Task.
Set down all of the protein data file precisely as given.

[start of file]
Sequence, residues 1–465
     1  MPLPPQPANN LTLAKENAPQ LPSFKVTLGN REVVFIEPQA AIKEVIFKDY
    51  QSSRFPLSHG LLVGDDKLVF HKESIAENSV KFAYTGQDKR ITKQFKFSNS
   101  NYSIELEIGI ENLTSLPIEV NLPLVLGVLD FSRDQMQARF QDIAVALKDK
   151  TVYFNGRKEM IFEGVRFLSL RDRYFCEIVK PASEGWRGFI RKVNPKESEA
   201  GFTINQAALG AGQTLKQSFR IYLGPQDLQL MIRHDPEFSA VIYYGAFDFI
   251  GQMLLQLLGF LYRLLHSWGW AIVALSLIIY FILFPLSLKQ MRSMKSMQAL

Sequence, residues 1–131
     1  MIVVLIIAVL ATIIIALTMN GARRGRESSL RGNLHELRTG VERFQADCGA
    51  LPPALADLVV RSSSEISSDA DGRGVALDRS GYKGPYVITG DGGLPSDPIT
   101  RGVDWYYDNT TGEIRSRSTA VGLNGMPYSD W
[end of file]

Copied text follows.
Sequence, residues 1–465
     1  MPLPPQPANN LTLAKENAPQ LPSFKVTLGN REVVFIEPQA AIKEVIFKDY
    51  QSSRFPLSHG LLVGDDKLVF HKESIAENSV KFAYTGQDKR ITKQFKFSNS
   101  NYSIELEIGI ENLTSLPIEV NLPLVLGVLD FSRDQMQARF QDIAVALKDK
   151  TVYFNGRKEM IFEGVRFLSL RDRYFCEIVK PASEGWRGFI RKVNPKESEA
   201  GFTINQAALG AGQTLKQSFR IYLGPQDLQL MIRHDPEFSA VIYYGAFDFI
   251  GQMLLQLLGF LYRLLHSWGW AIVALSLIIY FILFPLSLKQ MRSMKSMQAL

Sequence, residues 1–131
     1  MIVVLIIAVL ATIIIALTMN GARRGRESSL RGNLHELRTG VERFQADCGA
    51  LPPALADLVV RSSSEISSDA DGRGVALDRS GYKGPYVITG DGGLPSDPIT
   101  RGVDWYYDNT TGEIRSRSTA VGLNGMPYSD W